Instead, she carefully dabbed around her eyes, wiping away any trace streaks of mascara. Feeling Miranda's gentle touch on her arm helped; it reminded her that today was for Charlotte, today was the magical day Charlotte had waited for her entire life. And for Charlotte's sake she dug a little deeper, found a smile that might actually cover the cracks, and glued it on over the pieces of her heart that were threatening to crumble without him.
The Uphill Battle
"Mack the Knife," Bobby Darin
Carrie lay in the bed, peeling an orange, listening to Big singing in the shower. It was an old song, something her parents might have listened to, and it made her smile—in so many ways he seemed to belong to a different era, a place in life where so much of the drama and the worry no longer had a place. It made him seem like a house on a hill—hard to reach, but such a safe place to be once you made the climb.
She'd never been one for men who required a lot of work, preferring the available over the unattainable. But if the rewards were as great as what she'd already experienced, maybe it was time to take up climbing.
"She Drives Me Crazy," Fine Young Cannibals
He'd noticed her the first time he met her, sitting at the desk in his partner's office. The perfect face, the sweet smile, the body carefully hidden under the tailored suit. And he'd been thunderstruck when she chose to change lawyers, wondering what it was about him that had made her think him the better choice. Now Harry was the one sitting across the desk from her, remaining in his seat even when he was sure she thought he was the rudest son-of-a-bitch she'd ever met. He was pretty sure she'd think his raging hard-on was a lot more rude.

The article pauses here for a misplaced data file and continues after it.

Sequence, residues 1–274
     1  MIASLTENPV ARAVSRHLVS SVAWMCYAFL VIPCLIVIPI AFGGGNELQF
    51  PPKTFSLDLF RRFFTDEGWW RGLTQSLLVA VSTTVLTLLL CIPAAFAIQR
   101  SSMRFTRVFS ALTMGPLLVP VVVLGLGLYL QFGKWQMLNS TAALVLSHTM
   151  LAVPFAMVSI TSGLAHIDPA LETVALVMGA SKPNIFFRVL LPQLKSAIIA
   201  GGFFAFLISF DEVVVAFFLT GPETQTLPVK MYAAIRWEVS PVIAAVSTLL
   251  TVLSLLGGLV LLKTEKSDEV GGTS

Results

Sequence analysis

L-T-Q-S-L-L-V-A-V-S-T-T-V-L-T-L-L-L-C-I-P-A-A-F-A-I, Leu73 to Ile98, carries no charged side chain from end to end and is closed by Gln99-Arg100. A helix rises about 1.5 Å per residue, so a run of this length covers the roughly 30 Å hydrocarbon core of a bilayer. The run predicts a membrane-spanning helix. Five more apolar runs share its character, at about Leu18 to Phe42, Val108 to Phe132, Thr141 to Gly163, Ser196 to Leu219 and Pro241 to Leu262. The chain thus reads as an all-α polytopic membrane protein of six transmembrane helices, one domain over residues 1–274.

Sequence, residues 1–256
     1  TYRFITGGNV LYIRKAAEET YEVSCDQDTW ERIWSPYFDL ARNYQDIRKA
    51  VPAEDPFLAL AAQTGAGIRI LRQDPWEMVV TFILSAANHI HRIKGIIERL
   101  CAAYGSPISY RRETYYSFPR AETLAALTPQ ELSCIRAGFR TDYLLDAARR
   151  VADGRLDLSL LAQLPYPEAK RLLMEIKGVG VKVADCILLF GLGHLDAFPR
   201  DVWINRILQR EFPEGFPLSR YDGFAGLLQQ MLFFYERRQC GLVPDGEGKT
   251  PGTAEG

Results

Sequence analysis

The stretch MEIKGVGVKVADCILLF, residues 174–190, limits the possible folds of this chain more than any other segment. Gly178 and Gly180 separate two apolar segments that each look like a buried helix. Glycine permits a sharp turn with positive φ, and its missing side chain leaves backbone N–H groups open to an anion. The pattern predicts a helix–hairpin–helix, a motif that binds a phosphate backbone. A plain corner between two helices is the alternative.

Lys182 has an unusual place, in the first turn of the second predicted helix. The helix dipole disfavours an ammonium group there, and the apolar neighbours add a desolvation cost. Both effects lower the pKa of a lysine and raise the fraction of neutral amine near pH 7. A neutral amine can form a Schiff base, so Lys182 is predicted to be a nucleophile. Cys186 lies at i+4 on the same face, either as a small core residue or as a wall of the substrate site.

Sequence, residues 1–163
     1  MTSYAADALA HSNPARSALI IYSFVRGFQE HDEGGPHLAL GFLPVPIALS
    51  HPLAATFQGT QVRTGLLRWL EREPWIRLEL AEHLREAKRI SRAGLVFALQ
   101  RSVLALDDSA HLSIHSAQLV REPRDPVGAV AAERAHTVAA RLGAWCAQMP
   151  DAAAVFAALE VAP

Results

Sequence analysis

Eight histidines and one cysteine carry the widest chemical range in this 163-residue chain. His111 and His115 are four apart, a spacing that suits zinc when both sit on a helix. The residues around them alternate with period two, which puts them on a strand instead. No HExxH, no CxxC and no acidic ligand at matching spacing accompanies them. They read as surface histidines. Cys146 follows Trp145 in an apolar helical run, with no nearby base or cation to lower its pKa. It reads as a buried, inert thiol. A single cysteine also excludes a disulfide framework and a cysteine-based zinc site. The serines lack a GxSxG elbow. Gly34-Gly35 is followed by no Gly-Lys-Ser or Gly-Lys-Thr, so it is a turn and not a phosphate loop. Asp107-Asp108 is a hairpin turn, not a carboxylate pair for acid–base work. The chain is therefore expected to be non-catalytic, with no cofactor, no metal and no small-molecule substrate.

The picture of her first marriage was pretty clear—picture perfect doctor and his wife on the outside, controlled Mama's boy and passionate but repressed wife on the inside—and Harry pitied her for it. He'd sat across this desk across from enough women that by now he recognized the dazed, lost look of the broken fairytale. This time, he wished he was the handsome prince to kiss it all away.
New York at Night
"Talking to the Moon," Don Henley
Samantha let herself out; at this hour of the night, there was no doorman, no one to see her walking home in her high-fashion couture. These were quiet hours in New York, or as quiet as an hour could be in a city that loudly trumpeted that it never slept. She wouldn't have admitted it to anyone, but she treasured these walks, alone with her city. It was the quietest part of her day, too, and she had time to think, to do the dreaming she never dared to acknowledge in her daytime life.
She paused, breathing in the chilly autumn air, and looked up at the few stars that were visible above her. She'd already forgotten the name of the man who lay asleep in the bed she had just left; she didn't know the name of the man who would share her bed tomorrow night—but she knew who she was, and in the end, that was all that mattered.